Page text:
'I am deeply worried about the grave new escalation in [Kyiv] and the reported victims,' the EU's foreign policy chief said. 'I condemn all use of violence, including against public or party buildings.'

She recommended 'the formation of a new inclusive government, progress on constitutional reform and the preparation for transpartent and democratic presidential elections. The EU stands ready to assist Ukraine in this process.'

European Parliament President Martin Schulz said he was 'shocked and saddened by reported killings.'

Swedish Foreign Minister Carl Bildt issued an appeal for 'a peaceful and non-violent solution' following news of the deaths during the clashes.
Polish Foreign Minister Radoslaw Sikorski called for 'restraint and political compromise.'

Antigovernment protests have been raging for nearly three months in Ukraine, with demonstrators occupying Independence Square and other buildings in a bid to oust Yanukovych.

On February 17, opposition leaders Arseniy Yatsenyuk and Klitschko met in Berlin with German Chancellor Angela Merkel to discuss Ukraine's political crisis.

Klitschko said after the meeting he urged the German chancellor to impose sanctions on Yanukovych and his inner circle.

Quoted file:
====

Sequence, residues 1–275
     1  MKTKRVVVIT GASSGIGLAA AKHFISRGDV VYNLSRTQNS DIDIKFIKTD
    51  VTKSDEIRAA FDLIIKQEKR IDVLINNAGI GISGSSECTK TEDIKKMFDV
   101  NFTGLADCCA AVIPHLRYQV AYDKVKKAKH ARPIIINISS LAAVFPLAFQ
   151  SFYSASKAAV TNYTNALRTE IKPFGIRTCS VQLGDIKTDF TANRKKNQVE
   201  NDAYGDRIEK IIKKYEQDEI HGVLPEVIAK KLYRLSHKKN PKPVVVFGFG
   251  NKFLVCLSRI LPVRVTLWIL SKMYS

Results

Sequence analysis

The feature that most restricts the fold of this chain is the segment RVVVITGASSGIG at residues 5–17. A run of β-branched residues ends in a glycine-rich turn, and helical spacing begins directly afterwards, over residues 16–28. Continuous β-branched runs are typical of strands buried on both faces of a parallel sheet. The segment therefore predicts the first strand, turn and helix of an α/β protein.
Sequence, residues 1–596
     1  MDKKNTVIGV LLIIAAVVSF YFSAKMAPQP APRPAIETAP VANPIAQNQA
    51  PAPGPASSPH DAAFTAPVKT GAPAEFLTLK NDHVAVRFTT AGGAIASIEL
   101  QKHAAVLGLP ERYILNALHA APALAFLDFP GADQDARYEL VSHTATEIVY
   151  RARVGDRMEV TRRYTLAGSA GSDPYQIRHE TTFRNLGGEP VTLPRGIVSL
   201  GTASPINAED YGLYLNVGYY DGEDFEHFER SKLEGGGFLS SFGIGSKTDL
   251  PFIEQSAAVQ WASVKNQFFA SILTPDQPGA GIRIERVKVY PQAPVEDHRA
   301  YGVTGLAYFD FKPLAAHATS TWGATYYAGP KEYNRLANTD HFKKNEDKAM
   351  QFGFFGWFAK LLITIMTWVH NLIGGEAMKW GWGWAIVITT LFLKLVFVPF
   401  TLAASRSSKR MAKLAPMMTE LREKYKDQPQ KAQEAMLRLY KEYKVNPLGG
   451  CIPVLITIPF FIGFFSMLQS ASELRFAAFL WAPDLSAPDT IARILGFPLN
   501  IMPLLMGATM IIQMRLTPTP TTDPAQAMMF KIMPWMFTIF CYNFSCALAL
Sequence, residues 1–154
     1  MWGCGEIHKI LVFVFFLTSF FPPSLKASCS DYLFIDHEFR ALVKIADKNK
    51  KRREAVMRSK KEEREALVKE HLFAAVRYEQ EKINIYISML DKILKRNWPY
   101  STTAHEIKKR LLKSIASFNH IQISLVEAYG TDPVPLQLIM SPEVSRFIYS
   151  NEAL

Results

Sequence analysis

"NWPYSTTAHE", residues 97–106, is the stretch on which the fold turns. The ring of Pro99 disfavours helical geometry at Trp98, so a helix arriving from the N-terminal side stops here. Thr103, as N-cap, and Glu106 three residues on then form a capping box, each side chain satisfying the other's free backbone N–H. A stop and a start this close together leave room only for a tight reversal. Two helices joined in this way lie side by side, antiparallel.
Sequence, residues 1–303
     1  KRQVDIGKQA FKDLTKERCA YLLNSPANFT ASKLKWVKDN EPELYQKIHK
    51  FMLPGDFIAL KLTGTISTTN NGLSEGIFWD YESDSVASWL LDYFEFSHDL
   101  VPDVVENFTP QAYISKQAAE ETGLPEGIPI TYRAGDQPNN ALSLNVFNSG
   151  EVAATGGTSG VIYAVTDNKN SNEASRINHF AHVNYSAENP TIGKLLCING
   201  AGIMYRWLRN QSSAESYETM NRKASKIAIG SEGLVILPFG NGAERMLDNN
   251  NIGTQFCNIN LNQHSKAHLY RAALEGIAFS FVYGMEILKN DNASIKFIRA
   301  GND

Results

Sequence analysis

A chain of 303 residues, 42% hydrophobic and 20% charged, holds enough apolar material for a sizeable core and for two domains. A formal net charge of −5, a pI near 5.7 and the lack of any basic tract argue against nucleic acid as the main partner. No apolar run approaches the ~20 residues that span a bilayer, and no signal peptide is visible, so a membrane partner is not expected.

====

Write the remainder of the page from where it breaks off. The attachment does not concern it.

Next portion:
Also on February 17, Russian Finance Minister Anton Siluanov announced that Moscow will purchase $2 billion of Ukrainian eurobonds this week.

Kyiv and Moscow agreed in December that Russia would purchase $15 billion of Ukrainian eurobonds after Yanukovych pulled back from a planned free-trade agreement with the European Union, triggering the antigovernment protests.

Amid the ongoing political crisis, the national currency, the hryvnya, has lost 7 percent of its value this year.

With reporting by Reuters, AFP,, and Bloomberg

Source: clash-protesters/25267638.html

Copyright (c) 2014. RFE/RL, Inc. Reprinted with the permission of Radio Free Europe/Radio Liberty, 1201 Connecticut Ave., N.W. Washington DC 20036.